Buyer's Remorse - Can You Get Out Of a Real Estate Contract?

July 15, 2015

 

 

 

Buyer’s remorse: a sense of regret after making a purchase, usually associated with a large-ticket item such as a home or a car.

 

Most of us have experienced Buyer’s Remorse at some point in our lives. We buy something expensive, then ask ourselves whether we were pushed into buying? Would we have found a better deal somewhere else? Some of us just feel guilty spending so much.  Whatever the case of regret, and you decide you don’t want the item, “Can you back out of this contract?”

 

When it comes to buying a house there can be hundreds of questions. Did you act too quickly? Is there a better house for you? Did you pay too much? Can you really afford this house? What happens if you discover some serious, or not so serious repair issues? Is the neighborhood not what you expected?

 

States vary in laws. If you are having serious doubts on your home purchase, contact a Real Estate attorney as soon as possible. There are areas of law that govern your purchase dependent on how far along you are in your purchase and how far out your closing date is. A Real Estate attorney will review your contract and assess all those fine-print clauses. There are circumstances your attorney will evaluate such as not getting financing, appraisals not matching the contract sales price, repair issues, boundary lines incorrectly represented, title search discoveries and deed misrepresentations.

 

Some contracts have specific cancellation clauses written in them and some states offer legal reversals. On big-ticket items such as real estate and time-share vacations, it is in your best interest to have your own attorney review the contract first.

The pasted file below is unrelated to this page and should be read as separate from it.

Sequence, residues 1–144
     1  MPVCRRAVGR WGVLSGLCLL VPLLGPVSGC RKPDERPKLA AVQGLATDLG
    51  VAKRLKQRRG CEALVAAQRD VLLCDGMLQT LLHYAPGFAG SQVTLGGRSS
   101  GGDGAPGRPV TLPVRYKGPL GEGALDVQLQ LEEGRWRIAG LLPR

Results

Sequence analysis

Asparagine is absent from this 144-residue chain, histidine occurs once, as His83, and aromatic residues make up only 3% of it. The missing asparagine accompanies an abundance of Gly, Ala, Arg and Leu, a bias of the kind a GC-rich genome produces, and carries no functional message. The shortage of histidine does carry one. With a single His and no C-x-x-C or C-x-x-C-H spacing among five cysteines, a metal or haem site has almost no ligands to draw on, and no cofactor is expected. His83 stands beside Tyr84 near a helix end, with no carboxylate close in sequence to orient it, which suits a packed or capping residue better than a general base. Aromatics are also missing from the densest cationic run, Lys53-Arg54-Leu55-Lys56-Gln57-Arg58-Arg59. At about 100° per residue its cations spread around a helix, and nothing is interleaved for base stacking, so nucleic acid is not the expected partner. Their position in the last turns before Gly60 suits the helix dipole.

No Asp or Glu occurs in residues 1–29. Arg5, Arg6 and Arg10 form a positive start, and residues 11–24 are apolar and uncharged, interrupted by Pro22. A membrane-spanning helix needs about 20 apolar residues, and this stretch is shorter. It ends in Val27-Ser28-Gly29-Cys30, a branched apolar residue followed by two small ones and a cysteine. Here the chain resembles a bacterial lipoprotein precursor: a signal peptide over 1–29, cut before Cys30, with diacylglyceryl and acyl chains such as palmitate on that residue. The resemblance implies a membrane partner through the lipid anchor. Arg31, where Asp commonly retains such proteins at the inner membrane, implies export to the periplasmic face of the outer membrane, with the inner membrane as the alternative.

Depending on what state your real estate purchase is in, you may lose some, half or all your earnest money. You may have put down a deposit when you signed a contract. If you back out, will you be able to get that earnest money or deposit returned? Will there be any penalties? Can the sellers sue you for breach of contract? A Real Estate attorney may also be able to negotiate for you.  

 

Remember, your realtor, or the seller’s realtor will only receive their commission when the house closes. You may want to consult with your own attorney first regarding any Purchase Contract or Buyer’s Agreement you signed, or are going to sign and the terms regarding escrow deposits.

 

 If you are having serious doubts on your home purchase or real estate contract and want to understand your best options, contact our Denver Real Estate attorneys immediately at 303-618-2122. Gantenbein Law Firm also practices Foreclosure Defense, HOA Defense, Tax Law, Business Law and Estate Planning. For more information on our practice areas, visit our website at www.gantenbeinlaw.com. 

 

 

 

 

 

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Gantenbein Law Firm